High-intensity interval training (HIIT) is a form of exercise that’s well suited to those fasting days.

Taking part in short bursts of intense exercise has been proven to continue to burn fat long after the exercise has been completed.


  • You can drink a range of hot and cold drinks on the 5 2 diet
  • People typically lose up to 1 to 2Ibs a week
  • You can still exercise while on the diet, including on your fasting days

Does the 5 2 diet really work?

The 5 2 diet has been recognised by many health professionals as an effective way to lose weight.

Several recent studies have published that on alternate-day fasting and chronic disease prevention and the effects of intermittent fasting on health, ageing and disease also support the diet.

While other research has found that fasting in accordance with the body’s natural rhythms alongside a healthy lifestyle and diet, may also boost the effectiveness of diets such as the 5 2 diet.3


We hope you now feel fully informed about the 5 2 diet.

If you are planning on following it, make sure you set out your diet plan and the days you are going to fast beforehand, and if there are any reasons you believe you should not be following it, speak to your GP or another medical professional before starting it.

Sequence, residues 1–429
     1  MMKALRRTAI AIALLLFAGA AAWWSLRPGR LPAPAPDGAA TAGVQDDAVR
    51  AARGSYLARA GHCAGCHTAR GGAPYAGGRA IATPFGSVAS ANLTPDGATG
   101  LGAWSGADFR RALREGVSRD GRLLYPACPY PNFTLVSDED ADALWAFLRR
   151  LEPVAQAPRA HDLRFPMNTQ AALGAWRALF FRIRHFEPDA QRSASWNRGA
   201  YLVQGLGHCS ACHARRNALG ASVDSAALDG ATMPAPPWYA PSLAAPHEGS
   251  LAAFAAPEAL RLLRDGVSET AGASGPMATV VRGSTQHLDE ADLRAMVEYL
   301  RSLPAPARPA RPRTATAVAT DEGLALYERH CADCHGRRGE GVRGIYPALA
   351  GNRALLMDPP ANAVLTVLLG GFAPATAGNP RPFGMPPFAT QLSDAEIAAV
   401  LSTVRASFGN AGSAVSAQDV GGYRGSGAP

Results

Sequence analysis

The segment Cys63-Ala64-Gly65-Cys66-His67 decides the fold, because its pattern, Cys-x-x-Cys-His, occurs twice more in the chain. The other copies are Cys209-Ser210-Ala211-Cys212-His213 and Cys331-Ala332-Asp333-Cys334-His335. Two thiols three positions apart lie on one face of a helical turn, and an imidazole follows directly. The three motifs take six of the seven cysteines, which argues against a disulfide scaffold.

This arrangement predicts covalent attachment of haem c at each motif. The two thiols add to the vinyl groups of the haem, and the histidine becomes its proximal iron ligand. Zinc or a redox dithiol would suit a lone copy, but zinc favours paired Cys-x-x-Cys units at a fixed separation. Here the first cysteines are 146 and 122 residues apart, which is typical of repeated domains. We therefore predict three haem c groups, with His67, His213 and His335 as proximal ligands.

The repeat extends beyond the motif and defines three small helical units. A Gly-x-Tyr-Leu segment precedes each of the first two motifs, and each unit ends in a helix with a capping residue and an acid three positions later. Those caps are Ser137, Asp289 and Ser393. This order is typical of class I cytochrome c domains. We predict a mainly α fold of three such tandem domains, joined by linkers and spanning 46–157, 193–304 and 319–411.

Now that you’ve read about the 5 2 diet, would you like to learn about the OMAD diet?

Take a look at this article, ‘OMAD Diet: What is it?’ for a useful overview.

You also asked...

What can I eat for 500 calories a day?


How does the 5:2 diet plan compare to other diet plans?


What can you drink on the 5 2 diet?


How much weight can you lose on the 5 2 diet?


The advice in this article is for information only and should not replace medical care. Please check with your GP or healthcare professional before trying any supplements, treatments or remedies. Food supplements must not be used as a substitute for a varied and balanced diet and a healthy lifestyle.

Last updated: 22 November 2021



Author: Bhupesh PanchalSenior Regulatory Affairs Associate

Joined Holland & Barrett: Apr 2019

Masters Degree in Toxicology and BSc Hons in Medical Biochemistry

Bhupesh started his career as a Clinical Toxicologist for Public Health England, advising healthcare professionals all around the country on how to manage clinical cases of adverse exposure to supplements, pharmaceuticals, cosmetics, industrial chemicals and agricultural products.

After 7 years in this role and a further year working as a drug safety officer in the pharmaceutical industry, Bhupesh joined Holland & Barrett as a Senior Regulatory Affairs Associate in 2019.